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Williams focused on job in hand

Liam Williams insists there is "no pressure" on Wales when they target a memorable comeback triumph in this season's RBS 6 Nations title race.

Just six weeks after losing at home to England following a second-half implosion when they failed to score a point, Wales could be crowned Six Nations champions for the third time in four years on Saturday.

The odds, though, are against them, given their inferior points difference compared with leaders England and second-placed Ireland.

Wales, realistically, need to secure a landslide win against Italy at the Stadio Olimpico in the opening game of so-called Super Saturday, and hope it is enough, but a victory of any description would suffice if France topple England at Twickenham and Scotland see off Murrayfield visitors Ireland.

Wales did it the hard way two years ago, being beaten by Ireland before reeling off successive victories over France, Italy and Scotland, then crushing England by a record-breaking 30-3 scoreline to take the title.

"The first priority for us is to get the win," Wales wing Williams said.

"Hopefully, we will be able to stick some points on them in the second-half, but before we do anything we need to come out on the right side of the scoreboard.

"In the first-half, we will kick our goals, then after the break we will see if it's okay to open up.

"There is no pressure on us. We are on first to play, we will go out there, do the business and then sit back and watch the other matches.

"It would be huge (to win the title) for Wales, heading towards the World Cup.

"But we know a lot of things need to happen for that to come to pass. All we can do is try to do our bit against Italy, and then keep our fingers crossed."

Wales put themselves in the silverware mix courtesy of a stunning win against Ireland last weekend, when their stirring defensive performance was highlighted by Williams and company setting a new Six Nations record of 250 tackles.

Attacking-wise, Wales have scored five tries in four games - all by backs, but none from wings Williams and George North - with full-back Leigh Halfpenny contributing more than 50 of their points through his precision goal-kicking.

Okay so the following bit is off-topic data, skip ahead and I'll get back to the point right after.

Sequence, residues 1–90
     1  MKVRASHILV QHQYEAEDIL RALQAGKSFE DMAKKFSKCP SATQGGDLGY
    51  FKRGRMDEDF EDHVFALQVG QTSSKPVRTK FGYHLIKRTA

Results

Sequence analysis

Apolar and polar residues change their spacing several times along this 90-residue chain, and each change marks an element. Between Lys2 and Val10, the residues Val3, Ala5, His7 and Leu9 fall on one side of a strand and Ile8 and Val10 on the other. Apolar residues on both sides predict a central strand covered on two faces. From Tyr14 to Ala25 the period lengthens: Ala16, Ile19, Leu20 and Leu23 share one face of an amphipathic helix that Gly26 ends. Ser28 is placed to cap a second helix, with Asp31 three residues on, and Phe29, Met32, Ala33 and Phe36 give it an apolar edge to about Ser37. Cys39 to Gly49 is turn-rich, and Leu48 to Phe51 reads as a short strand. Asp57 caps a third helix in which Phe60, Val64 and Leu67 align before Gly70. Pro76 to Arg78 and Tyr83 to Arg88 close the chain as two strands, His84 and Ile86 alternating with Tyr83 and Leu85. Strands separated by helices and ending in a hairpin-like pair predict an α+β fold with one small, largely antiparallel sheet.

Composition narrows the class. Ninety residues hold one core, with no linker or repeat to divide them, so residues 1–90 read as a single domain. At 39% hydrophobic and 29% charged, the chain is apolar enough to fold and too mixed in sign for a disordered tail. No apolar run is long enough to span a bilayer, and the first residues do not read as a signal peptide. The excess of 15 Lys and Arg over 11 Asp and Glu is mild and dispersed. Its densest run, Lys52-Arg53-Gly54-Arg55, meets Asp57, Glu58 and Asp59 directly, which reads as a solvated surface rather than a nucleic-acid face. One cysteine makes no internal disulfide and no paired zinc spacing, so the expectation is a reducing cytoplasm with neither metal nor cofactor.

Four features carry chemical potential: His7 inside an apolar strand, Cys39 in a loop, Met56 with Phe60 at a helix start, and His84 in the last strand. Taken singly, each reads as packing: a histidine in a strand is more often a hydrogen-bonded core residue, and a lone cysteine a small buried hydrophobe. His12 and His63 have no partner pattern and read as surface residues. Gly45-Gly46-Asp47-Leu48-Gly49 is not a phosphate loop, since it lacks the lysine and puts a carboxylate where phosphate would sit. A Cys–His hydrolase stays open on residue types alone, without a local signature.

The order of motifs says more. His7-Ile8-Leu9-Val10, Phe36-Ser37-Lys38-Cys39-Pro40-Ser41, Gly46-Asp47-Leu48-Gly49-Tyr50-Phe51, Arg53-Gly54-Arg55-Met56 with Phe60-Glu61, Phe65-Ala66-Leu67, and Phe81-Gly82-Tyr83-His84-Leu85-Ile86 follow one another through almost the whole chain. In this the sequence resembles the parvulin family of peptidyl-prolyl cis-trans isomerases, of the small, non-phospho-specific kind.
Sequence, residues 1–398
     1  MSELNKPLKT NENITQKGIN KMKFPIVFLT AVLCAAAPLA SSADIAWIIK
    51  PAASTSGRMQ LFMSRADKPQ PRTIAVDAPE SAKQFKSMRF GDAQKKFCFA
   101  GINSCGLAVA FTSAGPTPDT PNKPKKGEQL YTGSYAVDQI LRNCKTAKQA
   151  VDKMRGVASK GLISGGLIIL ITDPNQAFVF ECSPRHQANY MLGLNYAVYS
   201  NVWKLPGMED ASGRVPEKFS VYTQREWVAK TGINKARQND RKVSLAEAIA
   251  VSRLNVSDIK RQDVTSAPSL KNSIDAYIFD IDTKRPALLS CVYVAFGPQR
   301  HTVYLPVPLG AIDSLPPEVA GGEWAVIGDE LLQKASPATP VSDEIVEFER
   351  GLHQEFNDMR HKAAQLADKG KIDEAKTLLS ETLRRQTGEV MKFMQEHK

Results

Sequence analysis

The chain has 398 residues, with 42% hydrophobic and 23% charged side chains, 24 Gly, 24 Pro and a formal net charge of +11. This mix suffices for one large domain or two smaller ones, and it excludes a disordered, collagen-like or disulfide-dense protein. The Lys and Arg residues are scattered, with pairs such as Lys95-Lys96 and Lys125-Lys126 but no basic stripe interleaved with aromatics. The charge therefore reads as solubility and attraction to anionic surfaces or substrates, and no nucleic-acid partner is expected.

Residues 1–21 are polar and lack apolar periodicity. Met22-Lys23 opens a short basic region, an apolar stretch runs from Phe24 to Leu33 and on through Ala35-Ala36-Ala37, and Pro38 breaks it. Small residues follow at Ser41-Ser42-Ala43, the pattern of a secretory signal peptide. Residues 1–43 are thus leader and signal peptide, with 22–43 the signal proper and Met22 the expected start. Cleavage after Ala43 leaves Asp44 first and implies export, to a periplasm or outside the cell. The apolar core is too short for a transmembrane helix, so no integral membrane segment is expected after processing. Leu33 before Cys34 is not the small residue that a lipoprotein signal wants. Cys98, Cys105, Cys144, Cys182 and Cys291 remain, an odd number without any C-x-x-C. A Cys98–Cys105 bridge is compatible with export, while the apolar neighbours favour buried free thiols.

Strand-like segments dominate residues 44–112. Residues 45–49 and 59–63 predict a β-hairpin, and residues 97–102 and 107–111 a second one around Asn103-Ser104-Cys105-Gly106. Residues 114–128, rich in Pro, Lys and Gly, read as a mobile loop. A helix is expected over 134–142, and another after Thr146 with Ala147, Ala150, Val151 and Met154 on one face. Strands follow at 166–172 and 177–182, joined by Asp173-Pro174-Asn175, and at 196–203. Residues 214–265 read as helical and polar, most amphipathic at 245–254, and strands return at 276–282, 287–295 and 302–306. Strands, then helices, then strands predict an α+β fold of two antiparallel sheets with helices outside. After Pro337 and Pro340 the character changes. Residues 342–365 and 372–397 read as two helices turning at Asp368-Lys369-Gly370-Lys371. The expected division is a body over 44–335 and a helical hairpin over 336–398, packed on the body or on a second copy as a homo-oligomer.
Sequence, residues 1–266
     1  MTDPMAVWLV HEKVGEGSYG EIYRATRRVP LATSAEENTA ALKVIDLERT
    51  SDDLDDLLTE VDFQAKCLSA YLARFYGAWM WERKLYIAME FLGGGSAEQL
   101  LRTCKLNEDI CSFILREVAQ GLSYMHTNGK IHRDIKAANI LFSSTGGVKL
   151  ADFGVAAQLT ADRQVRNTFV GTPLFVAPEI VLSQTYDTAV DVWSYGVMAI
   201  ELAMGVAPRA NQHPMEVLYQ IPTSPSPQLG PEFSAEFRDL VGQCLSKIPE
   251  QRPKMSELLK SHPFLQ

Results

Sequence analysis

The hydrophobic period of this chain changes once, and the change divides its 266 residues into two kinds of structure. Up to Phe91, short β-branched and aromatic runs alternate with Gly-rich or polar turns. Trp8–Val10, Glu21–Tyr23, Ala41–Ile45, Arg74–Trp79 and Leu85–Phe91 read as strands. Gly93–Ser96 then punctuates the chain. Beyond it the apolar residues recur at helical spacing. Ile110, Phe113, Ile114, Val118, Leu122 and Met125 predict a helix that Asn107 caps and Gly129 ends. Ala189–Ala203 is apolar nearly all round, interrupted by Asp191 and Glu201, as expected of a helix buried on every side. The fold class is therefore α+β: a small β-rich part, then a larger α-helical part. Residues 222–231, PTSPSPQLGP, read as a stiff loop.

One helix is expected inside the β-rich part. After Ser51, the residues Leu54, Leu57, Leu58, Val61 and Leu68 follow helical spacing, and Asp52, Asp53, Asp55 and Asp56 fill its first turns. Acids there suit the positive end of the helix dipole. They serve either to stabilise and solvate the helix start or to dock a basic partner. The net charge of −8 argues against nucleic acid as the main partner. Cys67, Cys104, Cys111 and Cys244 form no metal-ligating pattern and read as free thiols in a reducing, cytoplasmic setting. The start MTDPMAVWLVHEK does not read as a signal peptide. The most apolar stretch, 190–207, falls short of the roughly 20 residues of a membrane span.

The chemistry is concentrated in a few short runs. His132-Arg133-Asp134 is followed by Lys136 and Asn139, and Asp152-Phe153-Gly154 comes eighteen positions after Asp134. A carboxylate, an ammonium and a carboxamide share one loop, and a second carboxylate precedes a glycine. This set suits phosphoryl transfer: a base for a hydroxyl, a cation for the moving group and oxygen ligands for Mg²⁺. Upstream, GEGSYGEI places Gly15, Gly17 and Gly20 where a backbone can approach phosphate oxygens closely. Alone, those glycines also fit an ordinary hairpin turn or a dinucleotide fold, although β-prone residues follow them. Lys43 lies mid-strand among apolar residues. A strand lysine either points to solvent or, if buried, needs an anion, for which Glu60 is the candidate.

"We haven't received much ball in attack, but there is still a lot to do, such as taking high balls, chasing kicks, making tackles and clearing out at rucks," Williams added.

"All of that helps the side. Even though we haven't been running with ball in hand that much, we've still been kept busy.

"It would be nice for one of us (wings) to get on the score-sheet, but it isn't about me or George getting across the line. It's about the team.

"It doesn't matter who is scoring, as long as the team are winning, and the only thing that matters this Saturday is getting the job done as a side."

Williams has experienced a rollercoaster last nine months in Test rugby, a period that started with him conceding the late penalty try that meant Wales were denied a famous away victory over South Africa when referee Steve Walsh ruled he had shoulder-charged an opponent.

But from that low, the 23-year-old has become a consistent starter in head coach Warren Gatland's team, being preferred to British and Irish Lion Alex Cuthbert and starting Wales' last three Six Nations games.

"I made a bad start to the season, with two yellow cards (playing for the Scarlets) against Ulster in the opening game, and there was the South Africa tour last year," he said.

"I am trying to handle certain situations differently. Flashpoints happen in every game, and you just have to do your best and make sure you don't give away penalties, or whatever.

"I tell myself to keep my body in the oven and my head in the freezer.

"I had some flak on social media (after South Africa). Some people didn't want me to be picked in a red shirt again, when all I did was try as hard as I could to save a try and help my country beat South Africa.

"I had quite a lot of stick, but it goes in one ear and out the other. On Twitter, I just blocked the people who were having a go.

"It was rubbish, really, and you kind of think you don't need it. I just hope they are happy that I've started four out of five games in this Six Nations."

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